Boosting home ownership can and must happen, whilst building more social housing

Following the announcement by the Prime Minister of proposals to extend the Right to Buy to housing association residents, G15 Chair and Chief Executive of MTVH, Geeta Nanda OBE has commented on the vital role of boosting supply of social homes alongside supporting more people into homeownership.

The importance of home ownership has been underscored with the government’s announcement that it intends to introduce a revamped ‘Right to Buy’ scheme for housing association residents. This iconic policy has played a huge role in the housing world for over 40 years, helping thousands of people to buy their homes.

It has, of course, not been without its issues. Therefore, there is a real need to work collaboratively and examine the impact this new policy could have before pressing ahead.

Quite clearly, supporting more people to realise their dream of owning their own home is an ambition all of us in the sector share. I wholeheartedly believe that a safe, affordable and decent home is the platform for people to thrive, to build the lives they wish for themselves. However, this is true whether people are renting or buying. Therefore, as we wait to hear more from government on its proposals, we need to recognise that while boosting home ownership is imperative, it can and must be done while at the same time building more social and affordable homes.

Social housing plays a major role in giving security to millions of people across the UK. It is not just a roof over residents’ heads. It is an entry point to a wider community. It provides a gateway to other services provided by the likes of MTVH, including financial help and social opportunities. Social housing can truly empower people to enrich and enhance their quality of life in so many ways. The National Housing Federation estimates that social rented housing is the most appropriate tenure for around half of the 8.5m people in England with an unmet housing need. Social Housing also enhances local communities ensuring a good, safe rental home for so many to work locally, providing much needed services. The necessity for more social housing is clear.

For many, home ownership is where they aspire to be, and we are committed to supporting more people to achieve this where they can. However, social housing must not be sacrificed along the way. I was encouraged by the government’s specific commitment in its ‘Right to Buy’ announcement to directly replace any housing association homes sold under the new scheme on a one-for-one basis. With the Secretary of State confirming this must also be on a like-for-like basis and within the same local area, to truly ensure that the most affordable homes are not lost from communities. This will be especially important in areas of high cost such as London and in rural areas, where the availability of land and cost of building is especially challenging.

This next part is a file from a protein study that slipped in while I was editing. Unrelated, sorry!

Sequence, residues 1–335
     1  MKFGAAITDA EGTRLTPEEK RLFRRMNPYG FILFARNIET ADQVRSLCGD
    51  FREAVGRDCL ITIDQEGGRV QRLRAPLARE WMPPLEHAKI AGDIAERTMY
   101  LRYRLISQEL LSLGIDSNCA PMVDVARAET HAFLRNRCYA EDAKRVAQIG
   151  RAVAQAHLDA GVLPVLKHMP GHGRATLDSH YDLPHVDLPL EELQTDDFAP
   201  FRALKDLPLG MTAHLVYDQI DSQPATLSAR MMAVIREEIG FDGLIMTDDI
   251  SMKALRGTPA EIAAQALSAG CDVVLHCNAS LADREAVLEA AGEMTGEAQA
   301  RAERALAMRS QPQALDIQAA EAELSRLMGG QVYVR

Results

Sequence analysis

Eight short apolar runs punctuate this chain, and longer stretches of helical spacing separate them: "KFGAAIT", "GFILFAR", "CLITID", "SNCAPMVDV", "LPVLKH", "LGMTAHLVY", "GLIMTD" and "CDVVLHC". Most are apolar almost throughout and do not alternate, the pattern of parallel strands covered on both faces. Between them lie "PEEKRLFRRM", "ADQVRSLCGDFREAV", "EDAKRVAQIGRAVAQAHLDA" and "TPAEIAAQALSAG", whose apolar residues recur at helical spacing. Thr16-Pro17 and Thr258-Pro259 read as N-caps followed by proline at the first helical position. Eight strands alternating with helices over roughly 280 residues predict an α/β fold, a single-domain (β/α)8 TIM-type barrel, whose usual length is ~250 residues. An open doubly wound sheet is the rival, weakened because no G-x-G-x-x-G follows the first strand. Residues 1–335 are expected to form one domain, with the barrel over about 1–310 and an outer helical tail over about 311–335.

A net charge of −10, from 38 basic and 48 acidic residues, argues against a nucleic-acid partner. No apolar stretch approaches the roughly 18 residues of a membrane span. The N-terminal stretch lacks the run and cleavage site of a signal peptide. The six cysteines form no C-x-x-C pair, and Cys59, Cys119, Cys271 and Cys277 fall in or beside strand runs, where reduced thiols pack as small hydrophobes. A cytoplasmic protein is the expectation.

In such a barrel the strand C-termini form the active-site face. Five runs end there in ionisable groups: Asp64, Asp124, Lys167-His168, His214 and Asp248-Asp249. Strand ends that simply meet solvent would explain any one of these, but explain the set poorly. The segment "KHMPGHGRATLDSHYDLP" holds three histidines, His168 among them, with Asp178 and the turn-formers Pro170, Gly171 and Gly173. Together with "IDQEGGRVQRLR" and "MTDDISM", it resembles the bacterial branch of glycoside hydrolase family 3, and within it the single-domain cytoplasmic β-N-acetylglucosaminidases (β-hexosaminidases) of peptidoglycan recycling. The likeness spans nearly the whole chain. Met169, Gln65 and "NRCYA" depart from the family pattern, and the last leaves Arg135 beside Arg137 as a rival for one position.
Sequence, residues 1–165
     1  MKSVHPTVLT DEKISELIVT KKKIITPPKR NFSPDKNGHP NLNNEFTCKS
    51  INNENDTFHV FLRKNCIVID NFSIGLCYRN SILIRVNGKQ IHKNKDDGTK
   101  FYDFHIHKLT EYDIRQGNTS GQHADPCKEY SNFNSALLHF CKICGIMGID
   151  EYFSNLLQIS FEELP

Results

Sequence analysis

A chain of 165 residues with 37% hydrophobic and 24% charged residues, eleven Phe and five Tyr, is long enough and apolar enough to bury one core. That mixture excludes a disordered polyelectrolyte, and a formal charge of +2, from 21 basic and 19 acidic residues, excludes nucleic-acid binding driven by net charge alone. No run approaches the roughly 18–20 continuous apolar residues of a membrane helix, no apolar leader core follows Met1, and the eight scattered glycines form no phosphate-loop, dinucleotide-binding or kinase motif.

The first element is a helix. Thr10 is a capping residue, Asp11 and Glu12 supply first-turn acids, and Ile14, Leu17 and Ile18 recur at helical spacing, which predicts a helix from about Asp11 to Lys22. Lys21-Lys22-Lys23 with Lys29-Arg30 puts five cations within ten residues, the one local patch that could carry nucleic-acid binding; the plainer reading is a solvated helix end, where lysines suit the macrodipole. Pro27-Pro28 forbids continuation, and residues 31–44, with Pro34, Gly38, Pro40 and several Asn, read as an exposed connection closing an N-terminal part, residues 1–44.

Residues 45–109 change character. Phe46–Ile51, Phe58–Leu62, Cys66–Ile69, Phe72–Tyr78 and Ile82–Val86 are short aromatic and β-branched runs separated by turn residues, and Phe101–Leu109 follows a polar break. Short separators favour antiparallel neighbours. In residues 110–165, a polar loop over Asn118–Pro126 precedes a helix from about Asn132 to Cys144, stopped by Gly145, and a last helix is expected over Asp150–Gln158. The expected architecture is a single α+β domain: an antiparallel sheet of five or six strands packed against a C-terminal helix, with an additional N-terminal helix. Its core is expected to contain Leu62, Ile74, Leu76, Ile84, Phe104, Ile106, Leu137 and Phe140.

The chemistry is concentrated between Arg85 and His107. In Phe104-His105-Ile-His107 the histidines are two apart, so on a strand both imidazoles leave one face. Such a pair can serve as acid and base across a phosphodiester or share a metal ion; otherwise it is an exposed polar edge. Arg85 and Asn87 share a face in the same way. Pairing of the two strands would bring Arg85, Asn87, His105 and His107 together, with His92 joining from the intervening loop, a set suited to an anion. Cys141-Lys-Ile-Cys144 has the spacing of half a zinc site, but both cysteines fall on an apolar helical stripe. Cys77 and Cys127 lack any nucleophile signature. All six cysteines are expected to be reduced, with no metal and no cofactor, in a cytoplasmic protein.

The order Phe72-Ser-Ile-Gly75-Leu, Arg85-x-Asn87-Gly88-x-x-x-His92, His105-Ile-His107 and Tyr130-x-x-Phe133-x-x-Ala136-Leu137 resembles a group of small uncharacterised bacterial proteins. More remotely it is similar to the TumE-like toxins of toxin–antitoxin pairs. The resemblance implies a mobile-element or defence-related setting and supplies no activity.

When it comes to home ownership, it is also worth recognising that the Right to Buy is just one avenue for those who would otherwise struggle to purchase a home.

Shared ownership is an increasingly popular and proven model. In 2021, the average deposit for a first-time buyer in the UK was £52,935. In London, the amount was more than double. By comparison, the average deposit for a buyer through MTVH’s shared ownership brand, SO Resi, in London was £27,000. Importantly, the average income of those buying a home through SO Resi is £36,000, demonstrating that shared ownership can most likely provide a route to home ownership, whilst also costing the government far less.

If the government does press forward with a revamped Right to Buy scheme, it must also seek to further address the chronic lack of affordable homes in the UK. This is something we know the Secretary of State recognises and is committed to. At the Shelter conference in April, he went further and accepted there had been a failure to ensure there are homes which are genuinely affordable for all, and that action is urgently needed to address the lack of social housing.

Housing associations are uniquely placed to help the government deliver on both its commitment to boosting homeownership and delivering more and better social housing. Let’s work together.

A version of this article first appeared in Property Week.